In September 1990, within weeks of Iraq’s invasion and occupation of Kuwait, the staff of the Iraq Museum turned up in Kuwait, loaded the contents of Kuwait’s National Museum into open lorries (their methods were “anything but professional,” notes the collection’s patron), and hauled them across the desert to the basement of their own museum. Kuwait had been abolished by Saddam, and these treasures were now part of Iraq’s patrimony. Most of the plunder was returned to the Kuwaitis—after Iraq’s defeat and a U.N. resolution. But some of the collection was damaged, and 59 prime objects “disappeared,” including a few spectacular emeralds—just the sort of thing a Baath higher-up would want in his pocket. Wouldn’t you like to hear more about that earlier Baath heist from Dr. George, before feeling “truly humbled” in his presence?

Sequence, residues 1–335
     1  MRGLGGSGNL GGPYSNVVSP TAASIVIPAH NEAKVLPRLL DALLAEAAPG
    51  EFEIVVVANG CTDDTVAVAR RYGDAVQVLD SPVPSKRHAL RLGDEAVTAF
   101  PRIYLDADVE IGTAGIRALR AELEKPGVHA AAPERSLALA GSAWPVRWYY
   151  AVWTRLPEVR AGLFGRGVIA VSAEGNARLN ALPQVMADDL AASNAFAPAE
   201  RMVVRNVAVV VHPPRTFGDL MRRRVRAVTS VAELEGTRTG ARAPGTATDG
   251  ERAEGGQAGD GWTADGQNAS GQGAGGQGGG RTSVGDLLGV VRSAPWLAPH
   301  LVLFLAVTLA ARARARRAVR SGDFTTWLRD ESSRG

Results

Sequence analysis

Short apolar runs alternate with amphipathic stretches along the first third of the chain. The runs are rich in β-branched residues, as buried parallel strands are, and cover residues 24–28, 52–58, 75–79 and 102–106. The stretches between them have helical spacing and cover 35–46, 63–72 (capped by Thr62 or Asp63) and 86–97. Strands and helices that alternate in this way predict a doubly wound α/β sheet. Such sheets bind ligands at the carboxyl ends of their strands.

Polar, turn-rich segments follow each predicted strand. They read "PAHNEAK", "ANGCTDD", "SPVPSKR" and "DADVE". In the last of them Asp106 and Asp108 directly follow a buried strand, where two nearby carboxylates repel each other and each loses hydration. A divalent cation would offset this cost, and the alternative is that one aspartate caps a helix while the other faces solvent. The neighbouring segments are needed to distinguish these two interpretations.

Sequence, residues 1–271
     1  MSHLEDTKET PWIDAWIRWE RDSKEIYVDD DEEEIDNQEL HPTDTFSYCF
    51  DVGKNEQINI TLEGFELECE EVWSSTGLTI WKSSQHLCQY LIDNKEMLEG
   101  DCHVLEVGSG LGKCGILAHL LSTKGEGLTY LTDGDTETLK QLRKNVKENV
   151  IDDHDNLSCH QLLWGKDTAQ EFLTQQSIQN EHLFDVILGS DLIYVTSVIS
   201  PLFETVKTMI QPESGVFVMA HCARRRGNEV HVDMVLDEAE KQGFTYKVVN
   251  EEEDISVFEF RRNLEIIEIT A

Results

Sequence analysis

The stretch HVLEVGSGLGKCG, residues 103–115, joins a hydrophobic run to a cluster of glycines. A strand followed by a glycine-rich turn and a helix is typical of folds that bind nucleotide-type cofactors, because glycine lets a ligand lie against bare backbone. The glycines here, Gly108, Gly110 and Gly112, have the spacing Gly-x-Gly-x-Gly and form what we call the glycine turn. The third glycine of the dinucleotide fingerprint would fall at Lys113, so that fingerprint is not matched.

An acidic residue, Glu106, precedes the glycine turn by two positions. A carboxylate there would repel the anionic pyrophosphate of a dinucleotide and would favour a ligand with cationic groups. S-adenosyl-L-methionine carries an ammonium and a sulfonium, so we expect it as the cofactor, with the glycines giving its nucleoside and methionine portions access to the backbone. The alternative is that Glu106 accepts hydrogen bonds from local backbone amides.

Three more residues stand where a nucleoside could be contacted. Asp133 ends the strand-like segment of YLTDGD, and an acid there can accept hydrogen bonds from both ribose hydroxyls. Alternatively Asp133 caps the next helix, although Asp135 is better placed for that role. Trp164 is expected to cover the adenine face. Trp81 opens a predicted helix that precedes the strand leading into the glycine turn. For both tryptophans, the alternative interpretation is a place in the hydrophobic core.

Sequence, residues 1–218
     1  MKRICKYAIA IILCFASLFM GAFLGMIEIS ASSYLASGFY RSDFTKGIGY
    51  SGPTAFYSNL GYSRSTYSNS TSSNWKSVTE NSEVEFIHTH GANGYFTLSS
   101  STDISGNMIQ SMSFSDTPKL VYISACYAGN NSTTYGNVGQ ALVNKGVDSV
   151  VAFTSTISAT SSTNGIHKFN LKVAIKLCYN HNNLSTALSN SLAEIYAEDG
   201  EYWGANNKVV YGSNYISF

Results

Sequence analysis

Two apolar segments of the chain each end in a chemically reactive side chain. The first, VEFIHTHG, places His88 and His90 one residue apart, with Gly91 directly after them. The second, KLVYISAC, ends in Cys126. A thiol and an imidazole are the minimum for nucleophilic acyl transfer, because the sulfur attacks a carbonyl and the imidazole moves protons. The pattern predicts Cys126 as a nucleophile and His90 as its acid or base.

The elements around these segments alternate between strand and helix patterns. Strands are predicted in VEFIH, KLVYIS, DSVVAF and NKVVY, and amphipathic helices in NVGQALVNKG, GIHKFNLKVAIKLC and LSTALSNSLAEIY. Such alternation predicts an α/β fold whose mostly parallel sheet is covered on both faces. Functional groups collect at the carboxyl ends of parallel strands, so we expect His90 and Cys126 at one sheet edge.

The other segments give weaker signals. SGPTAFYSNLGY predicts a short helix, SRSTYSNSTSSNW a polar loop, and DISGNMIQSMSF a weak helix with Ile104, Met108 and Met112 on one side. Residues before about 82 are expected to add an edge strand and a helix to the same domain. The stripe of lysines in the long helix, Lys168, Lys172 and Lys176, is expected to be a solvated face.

If you visited the Iraq Museum over the last couple of years (in defiance of your government’s travel ban), Dr. George would have shown you the head of a winged bull statue, the kind found at the entrance to Assyrian palaces. This one had been stolen and cut up by a gang of smugglers. Their bad luck: they got caught. Dr. George then would have told you the fate that befell the smugglers: ten of them were executed. Dr. George called that theft the “crime of the century,” explaining that antiquities smuggling endangered Iraq’s “national security.” He also told a journalist in 2001 that new and harsher penalties for looting of artefacts were due to be put in effect that year, including the death penalty. Wouldn’t you want to know how Iraq came to impose such despotic penalties, and whether they were urged upon Saddam by Iraq’s archaeological bureaucrats, before allowing yourself to be “truly humbled” by Dr. George?
Now that you no longer feel all that humbled, read this paragraph from the New York Times report of the London meeting:
Although some evidence suggests that people with inside knowledge of the museum were responsible for stealing the more valuable items, Mr. George said he had no information indicating that the culprits were officials connected with his antiquities department or with the government of Saddam Hussein.